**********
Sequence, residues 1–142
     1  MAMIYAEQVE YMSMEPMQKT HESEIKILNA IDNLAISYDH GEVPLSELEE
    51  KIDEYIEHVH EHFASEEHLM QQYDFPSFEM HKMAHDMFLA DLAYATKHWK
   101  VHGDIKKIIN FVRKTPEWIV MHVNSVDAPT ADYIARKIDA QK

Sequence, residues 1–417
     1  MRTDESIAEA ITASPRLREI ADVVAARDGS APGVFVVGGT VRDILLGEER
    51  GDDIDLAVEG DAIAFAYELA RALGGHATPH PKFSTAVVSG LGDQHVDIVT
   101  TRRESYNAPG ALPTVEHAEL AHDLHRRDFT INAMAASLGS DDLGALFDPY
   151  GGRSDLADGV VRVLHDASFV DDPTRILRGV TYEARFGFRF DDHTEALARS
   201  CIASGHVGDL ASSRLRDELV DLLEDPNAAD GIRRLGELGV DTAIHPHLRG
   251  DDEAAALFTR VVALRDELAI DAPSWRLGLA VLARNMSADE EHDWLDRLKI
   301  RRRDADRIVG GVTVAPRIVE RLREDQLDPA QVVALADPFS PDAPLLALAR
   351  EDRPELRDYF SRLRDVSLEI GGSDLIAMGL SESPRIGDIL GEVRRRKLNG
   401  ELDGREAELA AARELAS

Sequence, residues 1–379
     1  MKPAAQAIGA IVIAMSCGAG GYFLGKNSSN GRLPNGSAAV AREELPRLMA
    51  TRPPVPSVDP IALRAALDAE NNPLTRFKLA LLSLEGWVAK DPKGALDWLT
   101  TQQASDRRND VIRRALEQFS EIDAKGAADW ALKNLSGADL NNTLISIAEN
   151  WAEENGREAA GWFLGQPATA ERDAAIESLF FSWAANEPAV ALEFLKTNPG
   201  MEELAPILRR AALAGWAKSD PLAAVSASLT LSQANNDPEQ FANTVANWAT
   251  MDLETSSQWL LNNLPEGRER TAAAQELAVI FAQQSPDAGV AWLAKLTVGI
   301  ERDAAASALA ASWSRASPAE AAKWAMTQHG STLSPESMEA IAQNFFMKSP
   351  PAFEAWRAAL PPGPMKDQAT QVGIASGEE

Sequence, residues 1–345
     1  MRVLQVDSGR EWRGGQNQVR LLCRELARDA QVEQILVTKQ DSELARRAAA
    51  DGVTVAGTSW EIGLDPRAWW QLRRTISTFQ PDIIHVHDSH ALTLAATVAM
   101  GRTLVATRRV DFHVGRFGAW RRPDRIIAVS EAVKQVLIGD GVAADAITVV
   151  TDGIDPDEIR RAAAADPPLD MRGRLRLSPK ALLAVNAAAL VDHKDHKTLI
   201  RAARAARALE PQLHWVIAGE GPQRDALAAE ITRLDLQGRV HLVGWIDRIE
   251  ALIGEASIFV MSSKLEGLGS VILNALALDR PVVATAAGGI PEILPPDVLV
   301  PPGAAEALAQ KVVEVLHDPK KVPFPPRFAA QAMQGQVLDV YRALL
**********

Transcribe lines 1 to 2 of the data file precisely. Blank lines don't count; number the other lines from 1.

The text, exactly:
Sequence, residues 1–142
     1  MAMIYAEQVE YMSMEPMQKT HESEIKILNA IDNLAISYDH GEVPLSELEE